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Muscle Creatine Content

“Muscle creatine content” refers the amount of creatine (phosphocreatine included) stored in muscle tissues. This content can be increased by some supplements, notably oral creatine.

Research analysis led by Kamal Patel.
All content reviewed by the Examine.com Team. Published:
Last Updated:

Human Effect Matrix

The Human Effect Matrix looks at human studies (it excludes animal and in vitro studies) to tell you what supplements affect muscle creatine content
Grade Level of Evidence
Robust research conducted with repeated double-blind clinical trials
Multiple studies where at least two are double-blind and placebo controlled
Single double-blind study or multiple cohort studies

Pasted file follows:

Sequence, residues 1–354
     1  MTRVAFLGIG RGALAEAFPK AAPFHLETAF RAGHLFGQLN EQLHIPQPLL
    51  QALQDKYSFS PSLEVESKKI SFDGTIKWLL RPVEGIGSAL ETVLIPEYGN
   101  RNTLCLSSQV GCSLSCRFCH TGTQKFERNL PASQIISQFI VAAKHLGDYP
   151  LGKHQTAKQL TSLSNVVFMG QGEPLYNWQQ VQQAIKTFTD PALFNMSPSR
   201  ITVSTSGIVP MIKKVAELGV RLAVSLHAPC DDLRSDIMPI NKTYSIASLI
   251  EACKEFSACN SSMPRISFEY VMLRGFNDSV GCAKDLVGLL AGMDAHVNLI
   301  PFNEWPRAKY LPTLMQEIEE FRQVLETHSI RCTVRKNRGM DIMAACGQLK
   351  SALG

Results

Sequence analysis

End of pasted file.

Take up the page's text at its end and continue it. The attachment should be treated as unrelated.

Uncontrolled or observational studies only
Level of Evidence
? The amount of high quality evidence. The more evidence, the more we can trust the results.
Outcome Magnitude of effect
? The direction and size of the supplement's impact on each outcome. Some supplements can have an increasing effect, others have a decreasing effect, and others have no effect.
Consistency of research results
? Scientific research does not always agree. HIGH or VERY HIGH means that most of the scientific research agrees.
Notes
grade-a Creatine Strong Very High See all 18 studies
Creatine supplementation is the reference compound for increasing muscular creatine levels; there is variability in this increase, however, with some nonresponders.
grade-c Trimethylglycine - - See study
Betaine (2g) has failed to increase phosphocreatine levels in skeletal muscle and failed to augment the increase caused by 20g of creatine.
grade-d Alpha-Lipoic Acid Minor - See study
Has been associated with augmenting creatine uptake into muscle cells acutely; long term influence unknown

All comparative evidence is now gathered in our ​A-to-Z Supplement Reference.

The evidence for each separate supplement is still freely available ​here.